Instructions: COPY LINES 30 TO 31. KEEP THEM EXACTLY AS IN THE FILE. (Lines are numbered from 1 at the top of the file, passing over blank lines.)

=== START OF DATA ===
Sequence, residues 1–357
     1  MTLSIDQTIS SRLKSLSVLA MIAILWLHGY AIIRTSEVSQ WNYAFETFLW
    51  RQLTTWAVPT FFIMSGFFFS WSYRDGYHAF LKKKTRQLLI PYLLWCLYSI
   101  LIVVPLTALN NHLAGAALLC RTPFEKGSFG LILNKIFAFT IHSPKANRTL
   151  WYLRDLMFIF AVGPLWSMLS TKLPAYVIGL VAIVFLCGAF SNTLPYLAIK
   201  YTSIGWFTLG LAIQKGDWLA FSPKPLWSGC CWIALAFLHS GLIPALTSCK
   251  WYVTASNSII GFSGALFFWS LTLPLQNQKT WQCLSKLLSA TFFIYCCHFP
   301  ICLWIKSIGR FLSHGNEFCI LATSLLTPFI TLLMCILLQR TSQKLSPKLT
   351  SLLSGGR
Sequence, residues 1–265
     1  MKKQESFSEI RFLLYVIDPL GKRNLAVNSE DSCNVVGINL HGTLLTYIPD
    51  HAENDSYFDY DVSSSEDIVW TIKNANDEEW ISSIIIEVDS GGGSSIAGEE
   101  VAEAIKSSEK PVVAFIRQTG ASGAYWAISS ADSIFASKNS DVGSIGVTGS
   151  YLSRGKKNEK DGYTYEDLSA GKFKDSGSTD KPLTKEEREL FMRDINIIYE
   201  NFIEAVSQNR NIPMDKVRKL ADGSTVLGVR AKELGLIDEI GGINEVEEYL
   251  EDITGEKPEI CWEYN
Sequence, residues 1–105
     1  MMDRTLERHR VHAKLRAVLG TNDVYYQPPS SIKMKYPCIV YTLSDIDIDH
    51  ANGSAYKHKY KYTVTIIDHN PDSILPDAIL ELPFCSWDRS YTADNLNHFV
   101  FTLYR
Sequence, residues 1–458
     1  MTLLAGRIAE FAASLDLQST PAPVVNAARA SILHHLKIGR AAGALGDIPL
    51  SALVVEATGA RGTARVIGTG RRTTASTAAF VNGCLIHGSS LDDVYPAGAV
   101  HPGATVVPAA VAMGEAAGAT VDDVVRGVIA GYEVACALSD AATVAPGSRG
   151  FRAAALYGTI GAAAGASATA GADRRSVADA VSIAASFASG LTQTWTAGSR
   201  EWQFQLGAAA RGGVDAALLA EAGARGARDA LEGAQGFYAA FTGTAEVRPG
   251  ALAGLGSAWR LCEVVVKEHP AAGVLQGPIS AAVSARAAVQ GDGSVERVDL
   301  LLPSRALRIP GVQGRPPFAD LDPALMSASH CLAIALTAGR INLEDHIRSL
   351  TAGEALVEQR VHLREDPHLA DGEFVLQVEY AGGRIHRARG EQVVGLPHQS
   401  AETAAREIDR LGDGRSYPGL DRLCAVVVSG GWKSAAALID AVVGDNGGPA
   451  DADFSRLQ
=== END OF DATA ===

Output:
   401  AETAAREIDR LGDGRSYPGL DRLCAVVVSG GWKSAAALID AVVGDNGGPA
   451  DADFSRLQ